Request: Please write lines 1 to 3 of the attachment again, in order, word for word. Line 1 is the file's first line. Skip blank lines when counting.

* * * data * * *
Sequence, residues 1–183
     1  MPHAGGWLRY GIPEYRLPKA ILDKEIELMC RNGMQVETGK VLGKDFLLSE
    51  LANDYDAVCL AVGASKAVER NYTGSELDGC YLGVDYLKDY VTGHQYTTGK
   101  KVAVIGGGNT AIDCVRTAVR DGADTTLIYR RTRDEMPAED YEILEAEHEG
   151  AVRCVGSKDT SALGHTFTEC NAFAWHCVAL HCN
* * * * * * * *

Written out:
Sequence, residues 1–183
     1  MPHAGGWLRY GIPEYRLPKA ILDKEIELMC RNGMQVETGK VLGKDFLLSE
    51  LANDYDAVCL AVGASKAVER NYTGSELDGC YLGVDYLKDY VTGHQYTTGK